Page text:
Model for arc deflection in Tandem GMAW (Adapted from Refs. [2] and [7])

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Fig. 3

Schematic experimental rig used for evaluating the Tandem Pulsed GMAW arcs

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Fig. 4

Experimental rig used for evaluating the GTAW arcs

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Fig. 5

Delay effect on trailing arc interruptions and abnormal voltages in Tandem Pulsed GMAW

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Fig. 6

Example of trailing arc interruption and abnormal voltage in Tandem Pulsed GMAW (delay = 8 ms)

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Fig. 7

Typical weld bead appearance for different pulse delays (regions of trailing arc interruptions indicated by arrows)

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Fig. 8

IWD effect on trailing arc interruptions and abnormal voltages in Tandem Pulsed GMAW

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Fig. 9

Typical appearance and cross section of weld beads produced with 0.1 ms of delay and 10 mm of IWD in Tandem Pulsed GMAW (without trailing arc interruptions)

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Fig. 10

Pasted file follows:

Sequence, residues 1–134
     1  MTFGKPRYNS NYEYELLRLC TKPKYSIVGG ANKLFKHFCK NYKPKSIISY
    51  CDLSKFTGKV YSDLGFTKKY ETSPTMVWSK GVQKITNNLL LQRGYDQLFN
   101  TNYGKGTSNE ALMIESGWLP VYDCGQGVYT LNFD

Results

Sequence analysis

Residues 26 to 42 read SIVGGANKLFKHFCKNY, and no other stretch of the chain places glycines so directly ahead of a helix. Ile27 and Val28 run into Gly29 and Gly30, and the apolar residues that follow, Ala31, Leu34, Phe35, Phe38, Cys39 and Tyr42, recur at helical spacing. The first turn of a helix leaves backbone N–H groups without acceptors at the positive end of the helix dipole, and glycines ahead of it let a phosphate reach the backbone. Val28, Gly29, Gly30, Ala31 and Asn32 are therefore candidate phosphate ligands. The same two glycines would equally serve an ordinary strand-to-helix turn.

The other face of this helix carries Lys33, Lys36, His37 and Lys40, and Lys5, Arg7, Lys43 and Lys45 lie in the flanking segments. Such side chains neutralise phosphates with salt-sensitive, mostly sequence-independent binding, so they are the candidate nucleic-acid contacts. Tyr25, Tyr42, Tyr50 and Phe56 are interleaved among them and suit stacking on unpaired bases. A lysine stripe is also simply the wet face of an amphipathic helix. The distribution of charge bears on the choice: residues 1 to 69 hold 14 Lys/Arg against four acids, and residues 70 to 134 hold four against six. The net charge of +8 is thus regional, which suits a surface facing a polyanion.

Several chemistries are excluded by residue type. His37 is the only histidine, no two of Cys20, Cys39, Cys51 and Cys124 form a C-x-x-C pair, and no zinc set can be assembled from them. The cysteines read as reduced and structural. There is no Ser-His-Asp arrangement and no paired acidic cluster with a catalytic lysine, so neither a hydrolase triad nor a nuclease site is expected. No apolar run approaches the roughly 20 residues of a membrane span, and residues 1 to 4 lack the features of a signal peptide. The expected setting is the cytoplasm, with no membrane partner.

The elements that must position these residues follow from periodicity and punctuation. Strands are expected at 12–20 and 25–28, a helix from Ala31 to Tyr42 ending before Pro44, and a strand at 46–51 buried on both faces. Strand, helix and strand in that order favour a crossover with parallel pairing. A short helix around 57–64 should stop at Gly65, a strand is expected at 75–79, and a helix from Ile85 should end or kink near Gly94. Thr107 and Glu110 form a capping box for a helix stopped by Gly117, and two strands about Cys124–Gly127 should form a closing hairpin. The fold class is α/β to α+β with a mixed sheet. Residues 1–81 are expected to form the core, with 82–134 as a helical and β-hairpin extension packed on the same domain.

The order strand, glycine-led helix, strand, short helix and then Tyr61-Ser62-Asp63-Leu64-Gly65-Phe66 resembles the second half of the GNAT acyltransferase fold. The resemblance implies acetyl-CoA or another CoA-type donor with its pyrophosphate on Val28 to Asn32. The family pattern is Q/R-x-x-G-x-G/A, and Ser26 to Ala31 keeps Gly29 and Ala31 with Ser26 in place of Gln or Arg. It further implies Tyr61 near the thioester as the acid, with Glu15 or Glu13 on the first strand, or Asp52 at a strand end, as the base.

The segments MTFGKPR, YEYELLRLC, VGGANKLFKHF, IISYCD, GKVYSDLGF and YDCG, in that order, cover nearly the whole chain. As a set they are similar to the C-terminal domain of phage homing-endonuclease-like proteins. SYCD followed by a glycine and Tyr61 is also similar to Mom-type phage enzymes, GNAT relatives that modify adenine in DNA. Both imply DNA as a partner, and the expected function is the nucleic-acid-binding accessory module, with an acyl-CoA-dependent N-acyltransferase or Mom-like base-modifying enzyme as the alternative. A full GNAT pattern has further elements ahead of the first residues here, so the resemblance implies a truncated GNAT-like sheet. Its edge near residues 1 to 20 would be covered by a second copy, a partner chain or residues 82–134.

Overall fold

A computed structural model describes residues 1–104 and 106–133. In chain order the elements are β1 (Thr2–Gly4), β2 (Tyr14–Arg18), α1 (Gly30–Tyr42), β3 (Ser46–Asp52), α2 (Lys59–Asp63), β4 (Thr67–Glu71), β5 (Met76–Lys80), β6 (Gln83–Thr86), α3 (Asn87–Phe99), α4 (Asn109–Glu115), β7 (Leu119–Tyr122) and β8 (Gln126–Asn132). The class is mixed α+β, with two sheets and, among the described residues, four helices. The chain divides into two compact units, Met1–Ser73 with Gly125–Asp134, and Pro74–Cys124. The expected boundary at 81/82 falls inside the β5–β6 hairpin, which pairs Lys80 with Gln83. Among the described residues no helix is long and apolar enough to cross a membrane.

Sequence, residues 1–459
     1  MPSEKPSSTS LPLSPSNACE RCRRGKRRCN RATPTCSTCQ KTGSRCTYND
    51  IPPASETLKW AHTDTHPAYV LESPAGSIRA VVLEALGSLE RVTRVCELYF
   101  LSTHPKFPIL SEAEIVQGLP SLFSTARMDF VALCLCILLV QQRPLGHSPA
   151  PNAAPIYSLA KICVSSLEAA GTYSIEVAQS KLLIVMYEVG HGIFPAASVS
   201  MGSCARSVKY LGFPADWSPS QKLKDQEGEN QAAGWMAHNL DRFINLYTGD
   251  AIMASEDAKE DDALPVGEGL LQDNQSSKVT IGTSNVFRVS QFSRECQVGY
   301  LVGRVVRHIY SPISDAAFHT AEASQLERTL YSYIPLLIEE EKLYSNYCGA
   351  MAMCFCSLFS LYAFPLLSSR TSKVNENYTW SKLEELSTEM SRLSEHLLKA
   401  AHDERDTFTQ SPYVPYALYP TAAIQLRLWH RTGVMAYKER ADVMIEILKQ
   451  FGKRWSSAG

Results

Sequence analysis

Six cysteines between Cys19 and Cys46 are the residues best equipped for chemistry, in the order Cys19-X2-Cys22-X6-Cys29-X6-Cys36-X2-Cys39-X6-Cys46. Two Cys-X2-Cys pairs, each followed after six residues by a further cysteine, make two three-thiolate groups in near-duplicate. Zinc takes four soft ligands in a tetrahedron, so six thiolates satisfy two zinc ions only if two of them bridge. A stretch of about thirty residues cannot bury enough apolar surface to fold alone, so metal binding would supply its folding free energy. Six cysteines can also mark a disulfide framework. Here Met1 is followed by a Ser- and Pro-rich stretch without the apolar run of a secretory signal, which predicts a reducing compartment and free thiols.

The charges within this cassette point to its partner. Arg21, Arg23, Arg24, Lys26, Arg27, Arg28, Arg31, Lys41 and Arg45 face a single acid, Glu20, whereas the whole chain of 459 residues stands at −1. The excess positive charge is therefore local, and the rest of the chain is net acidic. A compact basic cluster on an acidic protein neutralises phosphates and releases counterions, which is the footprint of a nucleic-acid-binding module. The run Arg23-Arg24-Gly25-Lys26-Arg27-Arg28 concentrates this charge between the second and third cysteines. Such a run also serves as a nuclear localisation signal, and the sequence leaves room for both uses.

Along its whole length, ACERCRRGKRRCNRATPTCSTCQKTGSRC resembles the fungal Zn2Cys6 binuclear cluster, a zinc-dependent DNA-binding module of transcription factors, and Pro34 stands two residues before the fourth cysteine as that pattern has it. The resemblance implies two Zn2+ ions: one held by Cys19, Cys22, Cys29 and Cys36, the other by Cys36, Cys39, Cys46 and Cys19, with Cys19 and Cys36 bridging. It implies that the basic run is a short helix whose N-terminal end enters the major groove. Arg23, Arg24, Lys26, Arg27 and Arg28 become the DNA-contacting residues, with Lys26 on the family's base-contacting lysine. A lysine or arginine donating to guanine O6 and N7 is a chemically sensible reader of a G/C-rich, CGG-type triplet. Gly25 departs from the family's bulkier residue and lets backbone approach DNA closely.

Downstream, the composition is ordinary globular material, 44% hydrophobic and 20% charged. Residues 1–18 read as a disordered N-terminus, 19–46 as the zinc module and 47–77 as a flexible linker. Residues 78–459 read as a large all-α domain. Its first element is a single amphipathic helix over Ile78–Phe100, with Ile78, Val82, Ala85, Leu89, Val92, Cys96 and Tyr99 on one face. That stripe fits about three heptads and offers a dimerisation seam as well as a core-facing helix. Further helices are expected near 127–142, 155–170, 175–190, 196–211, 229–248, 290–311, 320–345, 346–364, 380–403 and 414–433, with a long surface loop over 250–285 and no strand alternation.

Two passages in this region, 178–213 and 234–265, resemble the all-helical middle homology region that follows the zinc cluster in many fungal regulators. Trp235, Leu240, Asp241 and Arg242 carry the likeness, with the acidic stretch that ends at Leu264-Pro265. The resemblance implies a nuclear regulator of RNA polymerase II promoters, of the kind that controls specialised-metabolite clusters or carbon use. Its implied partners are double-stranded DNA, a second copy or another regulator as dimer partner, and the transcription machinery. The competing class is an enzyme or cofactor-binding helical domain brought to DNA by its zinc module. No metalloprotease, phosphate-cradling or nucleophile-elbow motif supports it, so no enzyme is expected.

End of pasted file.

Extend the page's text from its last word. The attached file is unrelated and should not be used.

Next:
Welding current effect on the resistance to extinction of GTAW arcs (arc length = 10 mm)

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Fig. 11

Example of arc extinction in GTAW (welding current = 80 A)

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Fig. 12

Arc length effect on the resistance to the extinction of GTAW arcs (welding current = 50 A)

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Fig. 13

Extinction of arcs in GTAW for different arc lengths (welding current = 50 A)

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Fig. 14

General effect of the pulse delay on the incidence of trailing arc interruptions in Tandem Pulsed GMAW

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Fig. 15

Trailing arc deflection in Tandem Pulsed GMAW predicted for different synchronism approaches (IWD = 10 mm; arc length = 5 mm; pulse current = 350 A; pulse time = 2 ms; base current = 50 A; base time = 14 ms)

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Fig. 16

Schematic contributions of the magnetic force and heat produced by the leading arc to the tendency for trailing arc interruptions in Tandem Pulsed GMAW

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Fig. 17

Predicted trailing arc deflection as a function of the IWD in Tandem Pulsed GMAW

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Fig. 18

Predicted trailing arc deflection as a function of the arc length in Tandem Pulsed GMAW